Hi! Can I use software from rpm fusion installed on my laptop for free with no cost and without any risks of lawsuits or other penalties?
Yes you can, see FAQ - RPM Fusion
@martijn Thank you for answer. I tried to read it, but cannot understood fully. So I can use all this software on my lapton even if I work on my laptop for commercial development in java, python and JS? Does software from rpmfusion have any restrictions to free usage?
There’s no one answer to this. You, the user, need to see the licenses of the various tools you are using to see what they allow—including JS libraries etc. If it comes from Fedora, it should follow a “good license” and you should be OK:
There’s also a difference between having stuff installed on your laptop and actually using it in a commercial project. For example, you can have vlc installed on your system for personal use, but that doesn’t mean you’re using it to build your commercial website. If you are working for a firm though, you should check with them to make sure you follow whatever their rules/guidelines are.
Now, if a package is in RPM Fusion, it’s because something stopped it from being included in Fedora. So, let’s go through what the page says to see how software in RPM Fusion is categorised:
Software that uses a free license, but is not accepted in Fedora for various reasons.
Example: video players…
Enable by installing rpmfusion-free-release package.
These are usually tools that require additional software to function (codecs for example), which are not FOSS. Fedora only includes tools that can function without requiring other repositories. So if a media player requires software from RPM Fusion to work, it won’t be included in Fedora, it’ll be included in RPM Fusion Free. This does not mean that the media player is not FOSS.
Software that uses a nonfree license, but is otherwise redistributable.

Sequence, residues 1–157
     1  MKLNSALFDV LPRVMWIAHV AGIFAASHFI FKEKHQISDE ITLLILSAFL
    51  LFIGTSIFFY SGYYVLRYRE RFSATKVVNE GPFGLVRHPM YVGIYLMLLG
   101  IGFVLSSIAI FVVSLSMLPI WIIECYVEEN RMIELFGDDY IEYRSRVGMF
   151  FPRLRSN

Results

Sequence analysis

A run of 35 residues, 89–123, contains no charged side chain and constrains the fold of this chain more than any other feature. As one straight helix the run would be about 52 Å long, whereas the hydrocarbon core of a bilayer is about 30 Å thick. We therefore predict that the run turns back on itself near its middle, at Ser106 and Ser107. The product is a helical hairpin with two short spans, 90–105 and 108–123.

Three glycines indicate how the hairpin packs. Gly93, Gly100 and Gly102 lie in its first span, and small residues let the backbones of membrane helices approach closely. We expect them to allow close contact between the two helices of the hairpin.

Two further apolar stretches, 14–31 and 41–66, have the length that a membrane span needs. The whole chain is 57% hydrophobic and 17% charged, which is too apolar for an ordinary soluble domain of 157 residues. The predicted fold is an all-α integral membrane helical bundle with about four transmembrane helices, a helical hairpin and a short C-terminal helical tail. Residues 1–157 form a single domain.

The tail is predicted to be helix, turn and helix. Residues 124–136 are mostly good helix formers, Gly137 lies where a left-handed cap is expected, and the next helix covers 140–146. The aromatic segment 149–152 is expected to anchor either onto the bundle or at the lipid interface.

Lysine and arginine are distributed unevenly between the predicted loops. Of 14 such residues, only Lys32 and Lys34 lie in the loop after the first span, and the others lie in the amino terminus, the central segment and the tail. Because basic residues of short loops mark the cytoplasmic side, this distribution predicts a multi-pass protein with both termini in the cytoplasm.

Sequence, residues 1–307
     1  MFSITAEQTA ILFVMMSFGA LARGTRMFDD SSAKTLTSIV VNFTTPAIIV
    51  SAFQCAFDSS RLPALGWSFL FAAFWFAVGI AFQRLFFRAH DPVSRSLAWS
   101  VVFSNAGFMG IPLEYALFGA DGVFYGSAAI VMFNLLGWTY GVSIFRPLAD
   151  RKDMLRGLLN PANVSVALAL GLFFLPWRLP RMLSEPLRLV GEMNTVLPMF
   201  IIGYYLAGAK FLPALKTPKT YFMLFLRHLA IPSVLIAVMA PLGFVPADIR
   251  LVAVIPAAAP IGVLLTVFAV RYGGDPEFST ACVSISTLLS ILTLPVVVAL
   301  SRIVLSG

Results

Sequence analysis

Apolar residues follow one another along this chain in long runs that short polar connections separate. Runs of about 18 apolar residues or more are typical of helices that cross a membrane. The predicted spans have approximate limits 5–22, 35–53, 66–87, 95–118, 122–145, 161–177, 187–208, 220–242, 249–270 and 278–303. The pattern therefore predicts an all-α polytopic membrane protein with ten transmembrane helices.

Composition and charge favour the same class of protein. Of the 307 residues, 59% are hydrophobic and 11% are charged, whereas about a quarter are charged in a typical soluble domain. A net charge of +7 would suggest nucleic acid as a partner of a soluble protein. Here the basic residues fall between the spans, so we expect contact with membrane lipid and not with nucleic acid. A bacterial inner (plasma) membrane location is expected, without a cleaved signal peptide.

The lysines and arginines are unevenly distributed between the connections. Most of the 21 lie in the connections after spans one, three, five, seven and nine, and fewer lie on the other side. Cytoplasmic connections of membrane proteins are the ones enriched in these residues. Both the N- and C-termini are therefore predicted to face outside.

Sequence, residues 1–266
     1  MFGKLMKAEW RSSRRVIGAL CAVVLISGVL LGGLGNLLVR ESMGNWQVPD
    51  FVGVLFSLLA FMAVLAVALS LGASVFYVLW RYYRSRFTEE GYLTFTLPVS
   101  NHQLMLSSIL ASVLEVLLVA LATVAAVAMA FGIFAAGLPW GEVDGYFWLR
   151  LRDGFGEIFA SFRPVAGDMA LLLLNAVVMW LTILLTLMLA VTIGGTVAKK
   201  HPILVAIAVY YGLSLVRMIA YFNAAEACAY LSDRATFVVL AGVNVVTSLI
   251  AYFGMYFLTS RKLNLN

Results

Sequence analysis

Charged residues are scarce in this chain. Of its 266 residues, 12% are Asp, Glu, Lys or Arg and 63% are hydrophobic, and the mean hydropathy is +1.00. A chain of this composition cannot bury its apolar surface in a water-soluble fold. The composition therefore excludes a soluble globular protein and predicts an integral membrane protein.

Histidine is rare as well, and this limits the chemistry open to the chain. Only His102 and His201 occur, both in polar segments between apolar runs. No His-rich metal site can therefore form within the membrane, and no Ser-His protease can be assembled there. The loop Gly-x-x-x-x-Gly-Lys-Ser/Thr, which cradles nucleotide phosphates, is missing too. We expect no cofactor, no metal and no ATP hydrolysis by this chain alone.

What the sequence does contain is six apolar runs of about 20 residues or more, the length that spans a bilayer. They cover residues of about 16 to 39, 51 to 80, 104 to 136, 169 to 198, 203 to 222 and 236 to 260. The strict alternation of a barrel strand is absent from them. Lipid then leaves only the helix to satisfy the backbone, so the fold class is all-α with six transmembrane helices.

Example: Nvidia binary drivers
Enable by installing rpmfusion-nonfree-release package.
Until the creation of the tainted repositories, the redistributable status was only analysed with respect to copyrights holders and not rights related to (software) reverse engineering for inter-operability purposes. The “tainted” repositories were added to fill this usage.
As it says, these are not licensed with FOSS licenses but are freely redistributable.
Software that use a free license, but may have usage restriction in some countries.
Enable by installing rpmfusion-free-release-tainted package.
If you are using tools from here, you need to see what the laws in your country are.
Software that uses a nonfree license and which is not explicitly redistributable, but is allowed for inter-operability purposes in some countries.
Example: b43-firmware, nouveau-firmware, dvb-firmware.
Enable by installing rpmfusion-nonfree-release-tainted package.
Same here. Check what the laws in your country are.
We can’t give you legal advice here for obvious reasons (the first being that most of us are not lawyers XD). So you’ll have to check it up yourself and make up your mind. I do hope the answers here help though.
This is a great website to learn about licenses:
@ankursinha , @martijn Thank you for answer. Dont’t understand fully only one moment. Can I use with no cost packages from rpmfusion-free and rpmfusion-nonfree on my work in office without any risks of lawsuits or other penalties? I don’t plan to use code from this apps or sold them or redistribute etc, only for working process (when I work on tasks from the boss) on office and and at home.
Probably. However, every country and jurisdiction has different laws so nobody on a forum can give you an absolute answer on that.
@dalto thank you! maybe rpmfusion-free is no risks, and is only question about safety of rpmfusion-nonfree?
I think we’ve given you all the information we can. We cannot give you legal advice as to what constitutes correct usage. You’ll have to make that decision yourself. If you’re unsure about what you can do on a work machine, it is best to ask your employer’s legal team
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